From little things, big industries collapse

It’s interesting when moving from one industry to another the little things that you take for granted in one industry that are now percieved as severe drawbacks within another.

My primary industry for the last 15 years of my life has been in IT. Previous to that, I was a massuese and alternative health practitioner. Recently, I have started venturing into the photographic industry with great vigor.

What amazed me was the simple things that I took for granted in the previous two industries that were practically non-existant in the latter. It wasn’t simply the fact that these things were lacking – but the attitude that accompanied them that practically ensures that they will either never appear or do so with great resistance.

So what am I talking about? Primarily the concept of mentoring.

In my previous industries, the competition for market share and for survival are no less ferocious or cut throat than is found in photography. Yet, there still remained a sense of community and dignity among the members of the indstry which allowed for networking, assistance, and mentoring the next generation of entrants into the industry.

It seems to me, at least, that members of the photographic industry are overcome with a feeling of survival of the fittest. In my limited encounters with peers of the industry, I have noticed an overtly high percantage of bitter, protective, critical and downright aggressively rude members who would rather die than share “their secrets”.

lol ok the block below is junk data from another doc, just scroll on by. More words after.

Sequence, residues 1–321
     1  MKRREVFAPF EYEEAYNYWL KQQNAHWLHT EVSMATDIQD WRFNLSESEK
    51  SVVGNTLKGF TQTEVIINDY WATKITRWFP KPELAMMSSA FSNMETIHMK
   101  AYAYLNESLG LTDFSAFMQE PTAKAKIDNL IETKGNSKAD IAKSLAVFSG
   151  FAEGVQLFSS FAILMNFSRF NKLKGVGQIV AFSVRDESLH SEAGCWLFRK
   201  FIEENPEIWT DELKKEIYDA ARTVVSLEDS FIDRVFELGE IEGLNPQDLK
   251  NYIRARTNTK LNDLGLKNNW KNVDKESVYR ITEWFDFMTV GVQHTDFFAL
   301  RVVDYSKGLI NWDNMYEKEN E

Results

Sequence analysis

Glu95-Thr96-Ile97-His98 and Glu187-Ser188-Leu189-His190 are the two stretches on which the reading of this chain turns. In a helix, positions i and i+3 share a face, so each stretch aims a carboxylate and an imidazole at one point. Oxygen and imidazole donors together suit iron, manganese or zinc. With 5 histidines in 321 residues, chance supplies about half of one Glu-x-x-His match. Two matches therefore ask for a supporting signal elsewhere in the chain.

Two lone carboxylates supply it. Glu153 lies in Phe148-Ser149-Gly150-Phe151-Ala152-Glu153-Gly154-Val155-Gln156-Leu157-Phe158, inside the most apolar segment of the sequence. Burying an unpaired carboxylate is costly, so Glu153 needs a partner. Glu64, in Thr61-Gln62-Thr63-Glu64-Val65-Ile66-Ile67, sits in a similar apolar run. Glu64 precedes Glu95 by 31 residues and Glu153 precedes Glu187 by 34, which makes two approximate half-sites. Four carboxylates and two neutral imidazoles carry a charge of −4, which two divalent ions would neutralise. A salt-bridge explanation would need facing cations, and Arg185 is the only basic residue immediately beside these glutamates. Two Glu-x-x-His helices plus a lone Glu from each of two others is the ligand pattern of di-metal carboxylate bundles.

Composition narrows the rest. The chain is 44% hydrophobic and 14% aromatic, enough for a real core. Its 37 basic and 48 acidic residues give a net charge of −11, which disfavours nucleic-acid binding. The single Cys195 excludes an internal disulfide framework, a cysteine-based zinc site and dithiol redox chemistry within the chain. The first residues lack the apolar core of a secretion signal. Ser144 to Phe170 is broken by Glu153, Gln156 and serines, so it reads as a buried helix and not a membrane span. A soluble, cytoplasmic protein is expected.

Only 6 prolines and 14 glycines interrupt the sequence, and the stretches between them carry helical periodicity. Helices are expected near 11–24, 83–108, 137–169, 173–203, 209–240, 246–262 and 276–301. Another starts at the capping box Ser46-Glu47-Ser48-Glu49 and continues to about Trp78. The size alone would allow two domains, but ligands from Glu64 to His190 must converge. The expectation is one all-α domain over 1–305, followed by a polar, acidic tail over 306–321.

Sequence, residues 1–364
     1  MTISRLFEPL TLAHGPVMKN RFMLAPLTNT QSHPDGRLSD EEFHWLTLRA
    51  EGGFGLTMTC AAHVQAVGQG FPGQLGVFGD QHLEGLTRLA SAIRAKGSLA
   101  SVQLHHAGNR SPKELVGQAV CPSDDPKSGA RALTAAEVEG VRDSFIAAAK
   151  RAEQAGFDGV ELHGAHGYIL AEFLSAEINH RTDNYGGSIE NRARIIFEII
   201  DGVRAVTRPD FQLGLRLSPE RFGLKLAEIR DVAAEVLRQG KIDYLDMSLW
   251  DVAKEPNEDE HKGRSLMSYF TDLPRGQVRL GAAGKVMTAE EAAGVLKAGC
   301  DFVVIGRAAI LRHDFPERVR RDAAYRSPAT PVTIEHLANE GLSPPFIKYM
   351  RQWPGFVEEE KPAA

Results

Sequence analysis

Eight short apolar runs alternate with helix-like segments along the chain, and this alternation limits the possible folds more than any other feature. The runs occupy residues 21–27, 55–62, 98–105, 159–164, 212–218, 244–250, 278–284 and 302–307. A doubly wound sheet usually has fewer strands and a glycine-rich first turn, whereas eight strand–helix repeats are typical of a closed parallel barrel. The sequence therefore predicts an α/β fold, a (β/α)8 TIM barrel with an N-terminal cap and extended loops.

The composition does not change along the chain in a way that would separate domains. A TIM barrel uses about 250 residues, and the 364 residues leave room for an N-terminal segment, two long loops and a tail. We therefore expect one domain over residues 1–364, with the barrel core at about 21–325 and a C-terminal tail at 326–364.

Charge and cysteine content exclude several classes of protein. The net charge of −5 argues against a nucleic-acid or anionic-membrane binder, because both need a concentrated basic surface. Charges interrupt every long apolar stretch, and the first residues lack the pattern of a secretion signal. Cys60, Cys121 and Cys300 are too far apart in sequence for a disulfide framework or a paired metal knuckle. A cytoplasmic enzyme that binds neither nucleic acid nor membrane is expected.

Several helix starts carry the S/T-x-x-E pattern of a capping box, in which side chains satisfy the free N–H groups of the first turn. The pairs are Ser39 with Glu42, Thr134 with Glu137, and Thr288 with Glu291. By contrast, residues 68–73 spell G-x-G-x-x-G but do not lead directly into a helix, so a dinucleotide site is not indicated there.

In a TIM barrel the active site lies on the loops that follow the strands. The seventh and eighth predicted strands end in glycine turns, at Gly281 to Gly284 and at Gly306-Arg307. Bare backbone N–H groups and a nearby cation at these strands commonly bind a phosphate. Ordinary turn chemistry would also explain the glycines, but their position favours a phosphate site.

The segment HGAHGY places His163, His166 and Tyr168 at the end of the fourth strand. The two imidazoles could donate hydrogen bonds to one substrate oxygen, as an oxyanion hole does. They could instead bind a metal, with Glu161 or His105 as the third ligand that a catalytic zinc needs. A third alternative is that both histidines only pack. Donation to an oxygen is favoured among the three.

In no other industry that I have been involved in have I had this experience. No other industry have I seen members specifically go out of their way to alienate, attack, distance or remove other members let alone downright refuse to assist up and comers into the industry.

It’s a concept that to me is both foreign, and frankly, disgusting.

In speaking to “industry leaders”, I have been shocked to find that they are just as guilty of perpetrating these attitudes. I was most surprised when an industry body president even scoffed me for asking about mentoring ans support programmes for emerging photographers. Even trying to justify the scoff by stating that in their 30 years of experience this has not been available and “why would I give something away for free when I can charge someone $1500 a day for it?”


Now, obviously this is just my opinion, but I percieve that it is this type of thinking that is corroding the industry. Sure, photographers all like to blame the 20¢ stock photo sites, or the 16 year old kid doing weddings for $200 or even the GWC doing modeling tear sheets and comp cards for free … But the reality is that these situations occur because there isn’t a system in place to guide individuals to the process of the industry. The industry has never unified to create a code of conduct, let alone pricing schedule guidelines – and with the aforementioned attitudes, it never will.

I am a member of two professional bodies in the industry … The first I joined because it was touted as “the” body for professional photographers. Unfortunatly it was this same body in which I received the aforementioned coversation.